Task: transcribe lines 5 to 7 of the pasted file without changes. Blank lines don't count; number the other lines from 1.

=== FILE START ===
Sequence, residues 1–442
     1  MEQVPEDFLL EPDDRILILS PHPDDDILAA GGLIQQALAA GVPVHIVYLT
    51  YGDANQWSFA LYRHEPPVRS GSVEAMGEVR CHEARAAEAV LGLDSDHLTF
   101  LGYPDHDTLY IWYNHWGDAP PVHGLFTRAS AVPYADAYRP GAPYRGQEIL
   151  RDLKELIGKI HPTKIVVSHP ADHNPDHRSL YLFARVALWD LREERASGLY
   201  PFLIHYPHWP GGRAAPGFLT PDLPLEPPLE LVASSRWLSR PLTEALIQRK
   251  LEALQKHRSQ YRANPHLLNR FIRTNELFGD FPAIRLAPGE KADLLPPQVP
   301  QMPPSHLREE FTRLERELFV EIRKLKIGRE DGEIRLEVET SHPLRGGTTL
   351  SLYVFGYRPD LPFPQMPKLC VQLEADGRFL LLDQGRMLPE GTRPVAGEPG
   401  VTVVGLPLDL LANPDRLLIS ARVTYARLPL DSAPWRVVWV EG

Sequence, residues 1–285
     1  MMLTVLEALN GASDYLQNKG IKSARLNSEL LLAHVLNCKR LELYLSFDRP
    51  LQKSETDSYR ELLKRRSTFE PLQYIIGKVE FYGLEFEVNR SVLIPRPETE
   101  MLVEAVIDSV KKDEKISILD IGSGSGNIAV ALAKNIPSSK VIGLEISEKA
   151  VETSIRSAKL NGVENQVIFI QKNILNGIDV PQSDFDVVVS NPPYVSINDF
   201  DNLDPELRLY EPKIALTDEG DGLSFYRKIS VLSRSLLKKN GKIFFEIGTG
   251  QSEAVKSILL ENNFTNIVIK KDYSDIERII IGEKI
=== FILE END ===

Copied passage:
   151  RDLKELIGKI HPTKIVVSHP ADHNPDHRSL YLFARVALWD LREERASGLY
   201  PFLIHYPHWP GGRAAPGFLT PDLPLEPPLE LVASSRWLSR PLTEALIQRK
   251  LEALQKHRSQ YRANPHLLNR FIRTNELFGD FPAIRLAPGE KADLLPPQVP